Music scales are what create the special color of sound in a piece. A scale creates a particular mood; like happy or sad, “oriental” or “bluesy” for example.
Musical scales, called “roads” in Greek traditional music or Ragas in Indian classical music, are like the soul of the music and give different styles of music their special character.
In the musical traditions of the western hemisphere, the most common scales today are major and minor scales. But they are actually only two out of many, many other fantastic scales!
Of course, all scales and modes can not be played on all instruments, because the scales may contain micro tones that might not be playable on a particular instrument like the piano for example.
Let's take a look at how a scale is built, and a few of the most common scale types in the western music tradition.
A scale consists of pitches organized in a certain pattern of distances between them. Each type of scale has its own specific pattern.
These distances between the pitches are called Intervals.
The two most common intervals that are used to "build" scales are the semitone (half step) and the whole tone (whole step).
So we first need to take a closer look at the semitone or half step, the smallest interval in the Western music tradition, to learn more about this little interval that is so important in a scale.
The whole tone is the distance of two semitones.
Semitones and whole tones, (or half and whole steps) are the building blocks of major and most minor scales as well as modes.
Normally the C major scale is the first scale we encounter.
Why? Well, for several reasons. If you learn piano it is the easiest scale to see the pattern of, as you first learn to play, because it uses only white keys.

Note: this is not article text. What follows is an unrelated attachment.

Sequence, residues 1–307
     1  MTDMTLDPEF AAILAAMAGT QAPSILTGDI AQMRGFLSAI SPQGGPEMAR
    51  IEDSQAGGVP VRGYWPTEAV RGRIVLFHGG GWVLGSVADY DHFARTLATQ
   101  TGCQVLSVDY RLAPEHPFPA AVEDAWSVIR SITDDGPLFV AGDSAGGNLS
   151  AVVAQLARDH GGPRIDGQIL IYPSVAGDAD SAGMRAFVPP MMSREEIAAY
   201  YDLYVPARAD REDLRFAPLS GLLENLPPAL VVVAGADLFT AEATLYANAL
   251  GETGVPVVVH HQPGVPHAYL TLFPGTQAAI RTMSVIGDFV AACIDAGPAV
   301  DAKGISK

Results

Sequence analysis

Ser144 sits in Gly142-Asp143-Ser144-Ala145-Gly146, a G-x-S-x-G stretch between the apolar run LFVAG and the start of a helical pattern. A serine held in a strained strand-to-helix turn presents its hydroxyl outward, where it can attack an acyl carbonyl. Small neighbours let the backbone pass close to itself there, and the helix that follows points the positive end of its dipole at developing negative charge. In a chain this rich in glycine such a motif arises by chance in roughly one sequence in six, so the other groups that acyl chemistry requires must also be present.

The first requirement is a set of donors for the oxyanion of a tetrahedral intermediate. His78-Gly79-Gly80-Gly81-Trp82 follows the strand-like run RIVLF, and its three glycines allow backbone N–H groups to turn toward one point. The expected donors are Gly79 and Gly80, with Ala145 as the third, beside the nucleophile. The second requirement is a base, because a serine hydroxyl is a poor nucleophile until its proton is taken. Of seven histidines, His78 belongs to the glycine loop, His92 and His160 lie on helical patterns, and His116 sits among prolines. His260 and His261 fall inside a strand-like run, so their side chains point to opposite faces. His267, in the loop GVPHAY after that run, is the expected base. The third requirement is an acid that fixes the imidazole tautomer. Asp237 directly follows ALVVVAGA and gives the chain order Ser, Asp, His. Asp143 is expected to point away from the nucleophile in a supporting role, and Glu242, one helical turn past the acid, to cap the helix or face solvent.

And, for other instruments, since it uses no altered notes, it is easier not to have to think about sharps or flats at first!
All the 12 major scales that we can play are actually only one! Or are there 15...?
Now it is getting more interesting!
A minor scale is actually only one scale but with several alterations. So one minor scale can sound in three ways- lovely!
The three types of minor scales are:
The pentatonic scales are great scales for beginners. If you play the piano you can see the pattern of a pentatonic scale on the black keys.
This scale is common in traditional music all over the world.
Many famous songs are actually made from a pentatonic scale, like “Auld Lang Syne” for example. Try picking it out on the black keys! Easy!
As the name says, this is a scale made from only whole tones, or whole steps. This creates a characteristic “open” sound, used by for example Claude Debussy in “Voiles”.
The Chromatic scale, from the Greek word "chroma" meaning "color", is a scale made from only half steps or semitones.
You would probably not compose music using only a chromatic scale, but it is great to use as a bridge or to "color" a particular passage in a piece, like for example in "Fur Elise" by Beethoven.
The blues scale is one of the essentials in a blues.
Together with the particular chord sequence called a 12 bar blues pattern, and the three-part phrasing with a repeated A-part, it is the essential recipe for a beautiful, soulful blues…
Every scale in major and minor is represented in the start of each staff by a Key (or tonality) Signature.
Then you immediately know what notes you need to alter with sharps or flats already before you start playing the piece.
Read more about key signatures:
Have you heard about the Tonic, Subdominant and the Dominant?
Each step of the major and minor scale has a note with a specific name. These are called Scale Degree names and are used in music theory when analyzing scales, as well as harmonies and how they relate to each other.
The circle of fifths ties it all neatly together and is my favorite musical tool.
All the major and minor music scales are represented in this circle based on the mathematical and musical legacy of Mr. Pythagoras himself.